ADAM McNamara enjoyed watching television cop shows when he was growing up in Dundee. When he signed up to become one of the boys in blue, however, any resemblance to the on-screen action was incidental. A decade since he left the force to train as an actor, and with stints onstage in Black Watch and more recently on the West End in Harry Potter and the Cursed Child under his belt, McNamara has attempted to set the record straight.

His script, Stand By, is an intense and claustrophobic new work, which attempts to show the tedium and frustration of a thin blue line on the verge of action, but forced to hang fire until the moment is right. Rather than give vent to the on-stage equivalent of car chases and gun-toting stand-offs, McNamara's play aims to get behind the police's public image.

“It's not a cop drama,” he says on a break from the first read-through of the play earlier this week. “It's about the humans behind the uniform. Having been a cop, I always felt watching them on TV that there was something missing, and the portrayals of them were kind of stuffy. I thought I'd have a go at doing something that showed off some of the humanity that exists among police. Their lives can be pretty dramatic without all the cliches that come out on the TV.”

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The roots of Stand By stem from a TV drama McNamara tried to write which featured a few scenes in the back of a police riot van. It was these that stuck out for Black Watch writer Gregory Burke when McNamara showed him his script in search of advice.

“The seed was planted, and a few days later I came up with the idea of having four cops in a riot van waiting for the disposal of a situation.”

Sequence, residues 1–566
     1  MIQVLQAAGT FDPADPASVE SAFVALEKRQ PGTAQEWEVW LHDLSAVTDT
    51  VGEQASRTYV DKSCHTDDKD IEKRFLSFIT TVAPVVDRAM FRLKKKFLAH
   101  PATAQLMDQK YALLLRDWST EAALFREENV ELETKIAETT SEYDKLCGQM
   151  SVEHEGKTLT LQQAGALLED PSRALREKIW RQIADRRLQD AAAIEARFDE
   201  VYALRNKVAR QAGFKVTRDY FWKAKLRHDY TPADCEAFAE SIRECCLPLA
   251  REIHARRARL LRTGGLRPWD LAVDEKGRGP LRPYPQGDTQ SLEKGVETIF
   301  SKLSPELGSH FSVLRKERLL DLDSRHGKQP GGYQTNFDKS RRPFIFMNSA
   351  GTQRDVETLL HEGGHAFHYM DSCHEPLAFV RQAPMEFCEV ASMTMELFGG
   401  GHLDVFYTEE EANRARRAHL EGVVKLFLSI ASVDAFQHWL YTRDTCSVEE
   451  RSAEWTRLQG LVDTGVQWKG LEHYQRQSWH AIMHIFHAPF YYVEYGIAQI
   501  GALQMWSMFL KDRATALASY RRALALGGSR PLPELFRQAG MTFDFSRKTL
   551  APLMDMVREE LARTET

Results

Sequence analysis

This particular situation is a domestic dispute, in which negotiators are attempting to reason with a man wielding a samurai sword holed up in his flat. Out of this, the audience get to witness what McNamara calls “a pressure cooker situation, with all the frustration, comedy and internal politics between the police that brings out.”

What is unique in the story's telling is that the audience get to eavesdrop on action which the characters onstage are not party to through ear-pieces which they wear throughout the performance.

“I don't think this is something that's ever been done in theatre before,” says McNamara. “It's airwave radio, so you can hear some information before the people onstage do.”

Stand By is produced by Utter, the company formed by director Joe Douglas, and is being presented in association with the Byre Theatre, St Andrews, where it previews prior to an Edinburgh Fringe run as part of the Made in Scotland showcase of home-grown work. It also forms part of Army @ The Fringe, a British Army initiative, which features Stand By alongside five other professional works with military themes in a drill hall in Edinburgh's New Town as part of Summerhall's off-site programme.

Such a setting may not be too far removed from McNamara's early days as a fitness instructor prior to him joining the police aged twenty-three. Having wanted to be an actor since an early age, he joined an amateur dramatic group with a colleague before applying for drama school.

“As much as I loved being in the police, there were elements I'd started to dislike,” he says. “All the bureaucracy made it feel like I'd joined a secondary rat race, and it seemed like there was far too much paperwork going on when I'd rather be out catching criminals.”

As an actor, McNamara has perhaps understandably been cast as a fair few policemen on-screen, including in several episodes of EastEnders. In terms of any TV cop shows that served up something resembling reality as Stand By is attempting to do, it is hard not to think of The Cops, which ran over three series in the early 2000s. The documentary-style programme, overseen in part by Scots director Kenny Glenaan, was controversial enough for the sort of official police advice that is standard for police dramas to be withdrawn for the second series. In this respect, McNamara's presence makes Stand By something of an inside job.

“My aim is to try and write something that's never been written about before,” he says. “A lot of police men and women are restricted from having an opinion, but I don't have to worry about that anymore, so I can say what I like about how things really are.”

Stand By, Byre Theatre, St Andrew's, August 4-5; Summerhall, Edinburgh, as part of Army @ The Fringe, August 11-26, 6.45-8pm. The play tours Scotland in the autumn.

www.summerhall.co.uk